I come from a painting background and then moved to photography. When you make a photographic series, you have one image, and another, and another come after it, you have to really make objects and things work within each image. For instance, in the 'Ray’s a Laugh' book, the handles of knives were reoccurring throughout the images. There would be the same wallpaper reoccurring, or a similar texture, or I’d create links with cigarettes, the wallpaper, or the glass filled to the brim. I did focus on objects when I was shooting the film. I guess it’s a way of linking sequences together. Turning them into symbols almost. 

When creating the set, how much did you rely on the physical photographs you had, and how much were the sets based on memory? 

I tried to film it from memory as much as I could. The film is set where I took the photographs, so there were certain things in the pictures I could use as a reference. In the scene when Ray gets up off the bed and leaves the imprint in the bed sheets, I remember taking a photograph like that. Some of the photographs helped in terms of the setting of the scene, I’d use an idea from a photograph. Mostly, it’s from memory.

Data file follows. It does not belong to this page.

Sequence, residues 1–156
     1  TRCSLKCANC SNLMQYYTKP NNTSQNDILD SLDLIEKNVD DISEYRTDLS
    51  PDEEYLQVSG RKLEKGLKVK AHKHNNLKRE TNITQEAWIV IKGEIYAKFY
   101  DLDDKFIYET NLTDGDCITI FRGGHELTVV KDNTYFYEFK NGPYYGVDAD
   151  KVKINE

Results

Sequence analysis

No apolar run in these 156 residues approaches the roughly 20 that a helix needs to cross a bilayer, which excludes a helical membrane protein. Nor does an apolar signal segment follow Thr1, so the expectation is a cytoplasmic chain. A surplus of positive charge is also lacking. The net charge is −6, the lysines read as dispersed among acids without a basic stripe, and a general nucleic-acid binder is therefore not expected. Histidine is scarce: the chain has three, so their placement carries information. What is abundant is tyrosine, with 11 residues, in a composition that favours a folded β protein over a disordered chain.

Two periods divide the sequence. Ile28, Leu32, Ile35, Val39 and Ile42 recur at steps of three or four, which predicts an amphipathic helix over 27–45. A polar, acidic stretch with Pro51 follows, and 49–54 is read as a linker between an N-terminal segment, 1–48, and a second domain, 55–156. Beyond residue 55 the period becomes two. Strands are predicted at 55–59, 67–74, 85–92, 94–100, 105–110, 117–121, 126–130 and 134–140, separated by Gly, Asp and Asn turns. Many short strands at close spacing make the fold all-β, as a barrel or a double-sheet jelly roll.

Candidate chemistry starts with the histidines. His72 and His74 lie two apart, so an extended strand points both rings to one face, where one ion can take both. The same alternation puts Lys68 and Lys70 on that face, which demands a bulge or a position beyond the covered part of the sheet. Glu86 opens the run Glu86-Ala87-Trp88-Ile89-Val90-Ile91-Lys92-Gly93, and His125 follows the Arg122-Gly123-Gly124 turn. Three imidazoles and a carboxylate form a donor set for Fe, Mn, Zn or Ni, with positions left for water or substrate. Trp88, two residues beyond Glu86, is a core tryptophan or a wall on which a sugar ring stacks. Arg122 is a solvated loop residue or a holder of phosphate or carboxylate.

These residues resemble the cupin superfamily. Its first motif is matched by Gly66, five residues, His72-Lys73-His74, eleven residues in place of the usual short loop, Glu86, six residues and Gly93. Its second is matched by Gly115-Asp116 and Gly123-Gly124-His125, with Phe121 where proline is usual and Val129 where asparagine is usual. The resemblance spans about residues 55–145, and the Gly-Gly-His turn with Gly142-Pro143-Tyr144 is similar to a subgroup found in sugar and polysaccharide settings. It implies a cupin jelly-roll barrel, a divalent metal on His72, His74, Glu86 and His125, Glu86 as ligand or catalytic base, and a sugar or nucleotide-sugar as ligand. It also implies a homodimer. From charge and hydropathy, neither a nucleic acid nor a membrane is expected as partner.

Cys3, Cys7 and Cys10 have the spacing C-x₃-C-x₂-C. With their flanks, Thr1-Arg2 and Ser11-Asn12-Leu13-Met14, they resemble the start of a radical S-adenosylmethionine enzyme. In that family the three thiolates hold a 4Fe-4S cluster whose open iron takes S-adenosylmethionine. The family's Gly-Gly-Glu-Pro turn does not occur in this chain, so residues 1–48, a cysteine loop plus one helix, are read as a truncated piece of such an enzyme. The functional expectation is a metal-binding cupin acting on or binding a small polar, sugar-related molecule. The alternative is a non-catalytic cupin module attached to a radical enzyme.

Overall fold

I’m interested to hear your thoughts on choosing to shoot on 16mm film – the 4:3 aspect ratio isn’t one we see very often. What were the challenges and benefits of working with 16mm? 

I did consider using video, but if you want to recreate something from the past, I think it’s important to use the medium of the time. It makes you feel like you’re going back in time, more. The aspect ratio of 4:3 was the one used on all of the TVs when I was growing up. [Laughs] Fairly recently, we’ve been introduced to panoramic, but I think even laptops started off with a 4:3 aspect ratio. I remember that kind of ratio a lot, and the windows that you look out of have got a 4:3 ratio in the tower block! [Laughs]